Pan Retinal Photocoagulation
What is Pan-Retinal Photocoagulation or PRP?
Laser photocoagulation uses the heat from a laser to seal or destroy abnormal, leaking blood vessels in the retina. One of two approaches may be used when treating diabetic retinopathy:
- Focal photocoagulation: Focal treatment is used to seal specific leaking blood vessels in a small area of the retina, usually near the macula. Your retina specialist identifies individual blood vessels for treatment and makes a limited number of laser burns to seal them off.
- Scatter (pan-retinal) photocoagulation: Scatter treatment is used to slow the growth of new abnormal blood vessels that have developed over a wider area of the retina. Your retina specialist may make hundreds of laser burns on the retina to stop the blood vessels from growing. Patients may need two or more treatment sessions.
Laser photocoagulation is usually not painful. The injection of anesthetic may be uncomfortable. And then you may feel a slight stinging sensation or see brief flashes of light when the laser is applied to your eye.
What Conditions Does PRP Treat?
Laser photocoagulation is done to reduce the risk of vision loss caused by diabetic retinopathy. It is most often used to stabilize vision and prevent future vision loss rather than to improve vision loss that has already occurred. (Sometimes focal photocoagulation for macular edema caused by nonproliferative retinopathy can help restore lost vision.)
Laser photocoagulation may be used to treat and prevent further progression of:
- Macular edema: Focal photocoagulation is usually used in these cases.
- Proliferative retinopathy: Scatter (pan-retinal) photocoagulation is used to treat proliferative retinopathy.
What to expect On Procedure Day
Your treatment will be performed in the clinic in a specially equipped laser room. It does not require the surgery center. It is usually performed without anesthesia, although some will want a local anesthetic.
Before your procedure begins, an eyelid holder will be placed between your eyelids to keep you from blinking. Next, your retina specialist will begin laser treatment with an argon or diode laser. The laser treats the peripheral (outside) and middle portions of your retina. It does not treat the central or macular region because this would likely cause serious loss of vision.
The initial treatment usually consists of approximately 1,500-2,000 spots of laser per eye. This will be done in two or more sessions.
Your vision will be poor immediately after the treatment, but will recover to the pre-treatment level over time. You should plan to have someone drive you home, and you should relax for the rest of the day. Most patients resume activities within a few days. Regular follow-up visits are required.
What to expect After Treatment
The goal of pan-retinal photocoagulation is to prevent the development of new vessels over the retina and elsewhere, not to regain lost vision. There is no improvement in vision after the laser treatment. Vision may decrease due to edema/swelling of the retina, after the laser treatment. It may improve to its previous level in two to three weeks or may remain permanently deteriorated. Recurrences of proliferative retinopathy may occur even after an initial satisfactory response to treatment.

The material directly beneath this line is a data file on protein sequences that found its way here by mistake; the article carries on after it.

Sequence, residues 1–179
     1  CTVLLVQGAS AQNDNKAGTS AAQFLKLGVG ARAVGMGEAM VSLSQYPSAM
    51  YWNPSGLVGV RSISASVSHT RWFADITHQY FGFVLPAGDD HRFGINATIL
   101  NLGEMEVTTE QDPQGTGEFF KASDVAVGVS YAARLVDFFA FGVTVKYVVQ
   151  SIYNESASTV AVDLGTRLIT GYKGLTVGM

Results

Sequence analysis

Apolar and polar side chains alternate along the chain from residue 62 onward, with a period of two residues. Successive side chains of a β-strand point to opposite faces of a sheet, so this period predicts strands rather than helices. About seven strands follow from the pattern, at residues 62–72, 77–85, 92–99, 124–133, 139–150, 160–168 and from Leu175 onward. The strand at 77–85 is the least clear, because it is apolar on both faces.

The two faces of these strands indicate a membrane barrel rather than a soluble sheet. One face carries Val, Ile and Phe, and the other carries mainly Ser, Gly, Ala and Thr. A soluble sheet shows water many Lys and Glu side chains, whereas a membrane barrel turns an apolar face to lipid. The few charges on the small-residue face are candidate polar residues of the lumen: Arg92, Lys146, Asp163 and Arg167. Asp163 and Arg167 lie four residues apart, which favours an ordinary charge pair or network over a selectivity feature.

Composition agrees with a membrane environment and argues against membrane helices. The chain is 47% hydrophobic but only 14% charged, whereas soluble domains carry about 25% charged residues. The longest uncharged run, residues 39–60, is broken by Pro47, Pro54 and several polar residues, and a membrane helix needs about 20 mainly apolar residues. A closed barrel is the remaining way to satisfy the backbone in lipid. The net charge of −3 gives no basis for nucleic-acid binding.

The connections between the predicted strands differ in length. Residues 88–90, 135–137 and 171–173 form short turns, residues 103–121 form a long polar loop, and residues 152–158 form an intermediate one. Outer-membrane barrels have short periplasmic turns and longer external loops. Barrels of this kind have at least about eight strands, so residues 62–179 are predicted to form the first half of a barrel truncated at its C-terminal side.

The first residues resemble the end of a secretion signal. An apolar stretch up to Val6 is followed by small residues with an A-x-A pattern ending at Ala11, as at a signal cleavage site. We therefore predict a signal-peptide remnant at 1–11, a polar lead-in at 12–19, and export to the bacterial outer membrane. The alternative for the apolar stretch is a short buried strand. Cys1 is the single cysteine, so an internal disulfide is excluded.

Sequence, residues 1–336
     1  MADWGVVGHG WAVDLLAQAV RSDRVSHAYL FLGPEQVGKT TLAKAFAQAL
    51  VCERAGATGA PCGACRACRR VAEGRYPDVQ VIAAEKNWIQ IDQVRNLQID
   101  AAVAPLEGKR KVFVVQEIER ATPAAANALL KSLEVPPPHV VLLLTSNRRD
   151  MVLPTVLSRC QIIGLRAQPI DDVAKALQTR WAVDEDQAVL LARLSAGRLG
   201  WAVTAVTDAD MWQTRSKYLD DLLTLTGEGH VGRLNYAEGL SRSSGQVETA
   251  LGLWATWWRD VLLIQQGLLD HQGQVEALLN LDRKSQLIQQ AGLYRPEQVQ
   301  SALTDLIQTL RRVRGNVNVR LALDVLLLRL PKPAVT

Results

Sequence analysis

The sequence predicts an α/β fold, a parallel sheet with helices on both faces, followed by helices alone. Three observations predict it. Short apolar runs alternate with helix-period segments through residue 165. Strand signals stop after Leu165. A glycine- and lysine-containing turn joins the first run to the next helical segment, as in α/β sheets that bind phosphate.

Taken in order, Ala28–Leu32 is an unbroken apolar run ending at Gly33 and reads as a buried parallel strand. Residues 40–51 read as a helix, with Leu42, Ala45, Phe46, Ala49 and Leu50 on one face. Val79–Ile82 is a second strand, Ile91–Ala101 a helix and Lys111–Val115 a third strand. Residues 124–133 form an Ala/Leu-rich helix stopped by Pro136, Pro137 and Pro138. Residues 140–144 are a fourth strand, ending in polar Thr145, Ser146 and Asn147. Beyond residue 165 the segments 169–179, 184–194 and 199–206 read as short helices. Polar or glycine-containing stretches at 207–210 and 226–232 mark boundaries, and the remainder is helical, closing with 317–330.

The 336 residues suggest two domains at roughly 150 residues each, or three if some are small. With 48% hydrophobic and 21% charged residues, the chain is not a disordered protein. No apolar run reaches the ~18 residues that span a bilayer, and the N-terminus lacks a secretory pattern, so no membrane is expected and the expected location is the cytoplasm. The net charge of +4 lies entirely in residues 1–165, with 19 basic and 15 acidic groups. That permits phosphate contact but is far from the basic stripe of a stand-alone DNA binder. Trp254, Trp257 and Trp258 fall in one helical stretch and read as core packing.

This procedure sacrifices peripheral vision in order to save as much of the central vision as possible and to save the eye itself. Night vision will be diminished. After pan-retinal photocoagulation, blurred vision is very common. Usually, this blur goes away, but in a small number of patients some blur will continue forever.
Serious complications with pan-retinal photocoagulation are extremely rare, but like any surgical procedure, it does have risks. These risks can be minimized by going to a specialist experienced in pan-retinal photocoagulation.
You will need someone to drive you home from the doctor's office or clinic after the procedure. Eyedrops are used to widen (dilate) your pupils before the procedure. And your eyes will remain dilated for several hours afterward. Wear sunglasses to keep bright light out of your eyes while they are still dilated.
Your vision may be blurry and your eye may hurt a little for a day or two after the treatment. Be sure to keep all follow-up appointments with your doctor and report any changes in vision that you notice. Follow-up treatment can make a big difference in keeping your vision for the long term.
If you and your doctor decide that pan-retinal photocoagulation (PRP) is an option for you, you will be given additional information about the procedure that will allow you to make an informed decision about whether to proceed. Be sure you have all your questions answered to your satisfaction.
If you would like more information about this procedure you can make an appointment or contact the office for additional information.